Helping Kids Who Witness Trauma
If your kids were at Sunday's Ringling Bros. circus performance in Providence, they might be asking some tough questions now or needing comfort and reassurance. Or it might be too soon to tell how witnessing something so traumatic has affected them. Either way, it can be tough to know what to say, to balance the truth about life - that bad things can happen to anyone without warning - with the protection kids sometimes need from the world's harshest realities.
So, here are a few resources to help. These aren't necessarily endorsements, just what I hope is a helpful round up of suggestions, a place to start.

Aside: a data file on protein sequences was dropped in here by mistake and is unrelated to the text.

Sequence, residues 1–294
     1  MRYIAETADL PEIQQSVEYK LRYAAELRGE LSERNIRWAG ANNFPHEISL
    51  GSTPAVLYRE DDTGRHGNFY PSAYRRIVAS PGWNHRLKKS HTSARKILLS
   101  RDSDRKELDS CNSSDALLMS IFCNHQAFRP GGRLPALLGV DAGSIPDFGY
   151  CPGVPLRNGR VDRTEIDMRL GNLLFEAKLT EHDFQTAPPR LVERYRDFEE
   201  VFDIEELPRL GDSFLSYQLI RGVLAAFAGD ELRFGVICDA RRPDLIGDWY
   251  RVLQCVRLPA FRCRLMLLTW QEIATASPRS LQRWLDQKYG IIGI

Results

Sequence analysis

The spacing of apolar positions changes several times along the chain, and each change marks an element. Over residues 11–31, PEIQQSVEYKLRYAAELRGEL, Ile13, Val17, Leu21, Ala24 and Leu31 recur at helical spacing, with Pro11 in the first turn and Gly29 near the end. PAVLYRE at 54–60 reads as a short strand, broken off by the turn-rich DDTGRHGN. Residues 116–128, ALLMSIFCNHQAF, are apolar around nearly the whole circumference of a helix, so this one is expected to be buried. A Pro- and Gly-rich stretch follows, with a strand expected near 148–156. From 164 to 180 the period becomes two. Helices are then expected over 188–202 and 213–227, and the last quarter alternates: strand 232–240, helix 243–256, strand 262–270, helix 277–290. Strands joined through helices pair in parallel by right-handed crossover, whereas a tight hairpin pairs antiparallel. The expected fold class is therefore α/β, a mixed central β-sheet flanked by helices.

- Family Service of Rhode Island is making counselors available. They ask you to: "Please call 401-331-1350 and ask for 'Intake.'" There are some other tip sheets and resources on their web site.
- From Common Sense Media (a nonpartisan nonprofit that helps parents and kids navigate media), there's this list of tips about talking to your kids about the news, especially scary news. Might be useful in this instance, perhaps for kids who weren't there but heard about it or watched the video.
- From the National Association of School Psychologists, try this tip sheet on "managing strong emotional reactions to traumatic events."